The highlight of the past month, however, would have been how my writing brain had officially been liberated. GAAAAAH. It feels goooood. Sure, I wrote op-eds before—but as I’ve told you before, having a job means you’ll always be restricted by someone else’s (cue: the company/organization you work for) territory to a certain extent in whatever you present publicly. Now, being my own boss, I get to write quite about anything—and it took tons of load off my shoulder.
Indeed, not having the 9-to-5 commitment to spend in the office is also helpful, although it turned out grad school actually takes much more than 8 hours a day—more on that later. With most credits going to Professor Greg Harris who forced me to write every week in his policy writing class—I’ve so far managed to publish the following pieces which made me feel, again, liberated:
- Trump’s Triumph and the Case for Democracy, The Jakarta Globe, November 15th, 2016
- The U.S. Election, Jakarta Protests, and Identity Politics, Rappler, November 7th, 2016
- What They Don’t Talk About When They Talk About Papua, Rappler, October 26th, 2016
And I certainly look forward to write much more! Wikan had been reminding me about the book draft I haven’t touched for months, and speaking of Wikan…
4. The Not-So-Unorthodox Marriage Life
Legally, Wikan and I had been married for roughly four months. Mentally however, we’ve been husband and wife for almost two years, literally making the most mundane to the most important decisions together throughout. One of the first decisions we made together as partners was the color of my room, which we also painted together (sort of). However, the honeymoon period of our relationship ended as soon as I got my grad school letter of acceptance in early 2015, where we had to risk our still-very-fragile connection then had I left for school immediately. We decided that I stay, and a little over twelve months later—after many self-discoveries and moments of learning about your partner better—we decided that we would like to do this for the rest of our lives.
In case I haven’t properly introduced him: Wikan is way more talkative and creative than me; he’s a dreamer, and a spontaneous one. While we are both liberals who believe in—among others—women’s authority upon their own body and therefore abortion, we are very different in nature. I tend to be more impatient and pragmatic, while he’s all about perfectly-done poached eggs and idealism. While we are united in our love for good design, minimalist furnitures, well-made movies/television series, tech, tidiness, and great YouTube channels (we know a lot), we fundamentally diverge in perceiving—at least in the early stage of our relationship—whether being rational and dismissing the emotional is actually a virtue (guess who’s who).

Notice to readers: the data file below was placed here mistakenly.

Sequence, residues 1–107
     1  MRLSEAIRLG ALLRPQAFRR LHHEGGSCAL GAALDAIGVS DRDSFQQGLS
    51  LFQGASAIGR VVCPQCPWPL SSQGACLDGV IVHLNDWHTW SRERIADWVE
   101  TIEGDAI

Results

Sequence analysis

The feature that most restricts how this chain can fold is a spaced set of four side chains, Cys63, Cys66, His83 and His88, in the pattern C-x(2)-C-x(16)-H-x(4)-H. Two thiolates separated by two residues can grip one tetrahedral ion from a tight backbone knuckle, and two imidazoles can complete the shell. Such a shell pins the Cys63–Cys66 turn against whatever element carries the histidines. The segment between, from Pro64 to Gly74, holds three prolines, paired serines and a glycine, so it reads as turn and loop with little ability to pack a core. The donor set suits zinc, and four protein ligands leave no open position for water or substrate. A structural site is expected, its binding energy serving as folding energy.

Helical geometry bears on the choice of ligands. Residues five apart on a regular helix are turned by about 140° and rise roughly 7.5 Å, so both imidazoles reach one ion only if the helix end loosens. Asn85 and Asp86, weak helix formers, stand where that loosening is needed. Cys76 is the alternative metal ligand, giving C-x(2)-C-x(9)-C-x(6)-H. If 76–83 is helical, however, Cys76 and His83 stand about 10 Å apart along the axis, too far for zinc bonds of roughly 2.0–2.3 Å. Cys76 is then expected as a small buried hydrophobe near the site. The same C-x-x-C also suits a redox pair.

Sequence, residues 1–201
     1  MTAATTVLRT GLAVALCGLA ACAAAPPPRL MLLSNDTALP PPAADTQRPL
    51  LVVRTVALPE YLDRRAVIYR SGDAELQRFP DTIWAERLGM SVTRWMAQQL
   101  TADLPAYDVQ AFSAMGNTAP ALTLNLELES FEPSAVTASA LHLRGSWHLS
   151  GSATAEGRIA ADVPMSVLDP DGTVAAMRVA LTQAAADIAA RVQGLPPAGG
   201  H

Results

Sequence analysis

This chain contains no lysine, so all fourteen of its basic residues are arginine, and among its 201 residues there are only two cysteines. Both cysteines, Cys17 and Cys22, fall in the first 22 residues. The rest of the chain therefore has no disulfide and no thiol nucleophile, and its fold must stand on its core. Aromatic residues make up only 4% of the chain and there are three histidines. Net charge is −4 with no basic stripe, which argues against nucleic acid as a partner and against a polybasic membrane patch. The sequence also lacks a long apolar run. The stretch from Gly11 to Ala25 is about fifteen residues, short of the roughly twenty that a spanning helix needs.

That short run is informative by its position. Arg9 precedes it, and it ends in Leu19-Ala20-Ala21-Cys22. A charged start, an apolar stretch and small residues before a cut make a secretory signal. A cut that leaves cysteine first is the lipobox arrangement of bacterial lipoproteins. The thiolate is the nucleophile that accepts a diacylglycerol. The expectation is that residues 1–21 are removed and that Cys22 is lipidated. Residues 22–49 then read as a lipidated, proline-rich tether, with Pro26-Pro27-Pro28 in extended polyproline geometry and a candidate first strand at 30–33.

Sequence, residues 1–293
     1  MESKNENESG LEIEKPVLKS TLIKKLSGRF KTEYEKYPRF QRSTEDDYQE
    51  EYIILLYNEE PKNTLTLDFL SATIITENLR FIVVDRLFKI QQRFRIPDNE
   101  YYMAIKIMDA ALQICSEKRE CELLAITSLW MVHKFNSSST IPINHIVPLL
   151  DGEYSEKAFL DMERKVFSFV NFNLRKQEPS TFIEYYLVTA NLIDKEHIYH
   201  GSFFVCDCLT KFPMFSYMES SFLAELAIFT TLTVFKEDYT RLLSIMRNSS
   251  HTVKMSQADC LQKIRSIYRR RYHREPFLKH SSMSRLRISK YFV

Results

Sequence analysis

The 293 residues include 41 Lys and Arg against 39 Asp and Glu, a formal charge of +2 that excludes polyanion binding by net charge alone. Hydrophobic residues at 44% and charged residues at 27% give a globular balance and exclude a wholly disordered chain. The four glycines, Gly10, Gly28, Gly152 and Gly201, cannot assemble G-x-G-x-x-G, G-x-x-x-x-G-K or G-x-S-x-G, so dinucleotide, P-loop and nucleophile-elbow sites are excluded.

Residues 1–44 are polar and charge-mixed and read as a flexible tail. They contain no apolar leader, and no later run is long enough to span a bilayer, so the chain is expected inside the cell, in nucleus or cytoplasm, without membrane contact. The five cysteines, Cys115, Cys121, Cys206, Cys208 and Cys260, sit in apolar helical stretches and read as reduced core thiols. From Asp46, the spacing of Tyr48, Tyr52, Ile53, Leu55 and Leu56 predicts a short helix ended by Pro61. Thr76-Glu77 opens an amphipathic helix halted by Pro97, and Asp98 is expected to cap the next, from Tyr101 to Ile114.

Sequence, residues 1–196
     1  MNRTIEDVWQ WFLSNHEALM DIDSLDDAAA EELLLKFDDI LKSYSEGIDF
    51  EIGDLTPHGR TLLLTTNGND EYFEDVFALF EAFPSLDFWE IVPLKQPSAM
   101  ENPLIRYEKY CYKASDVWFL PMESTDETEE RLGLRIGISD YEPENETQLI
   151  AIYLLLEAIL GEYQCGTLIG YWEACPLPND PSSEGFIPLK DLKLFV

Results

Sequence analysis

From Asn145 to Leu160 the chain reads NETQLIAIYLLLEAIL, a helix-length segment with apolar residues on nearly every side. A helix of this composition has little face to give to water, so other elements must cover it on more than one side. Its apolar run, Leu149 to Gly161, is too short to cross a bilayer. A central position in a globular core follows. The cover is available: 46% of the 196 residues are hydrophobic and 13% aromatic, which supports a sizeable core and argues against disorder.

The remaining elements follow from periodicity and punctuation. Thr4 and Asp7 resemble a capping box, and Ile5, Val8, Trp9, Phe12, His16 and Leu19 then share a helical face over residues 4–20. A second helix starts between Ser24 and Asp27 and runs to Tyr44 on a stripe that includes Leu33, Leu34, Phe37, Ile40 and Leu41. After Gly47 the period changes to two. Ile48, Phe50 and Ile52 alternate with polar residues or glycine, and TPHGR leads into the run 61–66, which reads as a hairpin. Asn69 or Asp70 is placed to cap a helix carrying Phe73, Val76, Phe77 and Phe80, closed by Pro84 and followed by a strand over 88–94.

But of course, we’ve figured that out for a while already. So what’s new?
“Why do we choose partners so different from ourselves? It’s not chance or cliches like ‘the heart wants what it wants’. We choose our partners because they are the unfinished business from our childhood. And we choose them because they manifest the qualities we wish we had. In doing so, in choosing such a challenging partner, and working to give them what they need, we chart a course for our own growth.”
—Jay Pritchett, Modern Family
The fact that he’s pretty much the opposite of me in a lot of aspects means that there will be constant turbulences as long as we’re together, and in a marriage, it becomes our reality every single day. However, it is not necessarily a reality that we deny or despise; instead, we embrace it as a way to challenge ourselves and as Jay beautifully put it—chart a course for our own growth. After all, turbulences only tell us that our relationship is still perfectly airtight. Lack of them, on the contrary, signals that some parts are not intact, or there might be gaps that need fixing.
Hence every now and then, Wikan would—as soon as he detects that something’s wrong—make me talk about instead of suppressing it. He believes in healthy quarrels instead of pseudo peaces. As a result, we had never been silent to each other for more than 15 minutes and I’ve always ended up loving him more after we fight. Having been a conflict-avoider my whole life, this means pushing myself to be more self-conscious about the things I don’t like and finding ways to communicate it constructively; understanding that—after all—we’re there to be the safety nets for each other.
Of course, moving to another country, being on our own, and having to find a new rhythm at home play a great deal in shaping our recently-legalized partnership—but I think it’s pretty much what marriage in itself is.
P. S. Wikan is an incredible cook.
All in all, I have been having the most amazing time of my life. Thought I had passed my most blessed stage long ago but just proved myself wrong. The universe had only been kinder and kinder throughout.
To friends who read this through until this very line, please let us know when you’re in Cambridge! We’d be more than happy to host and give you a tour.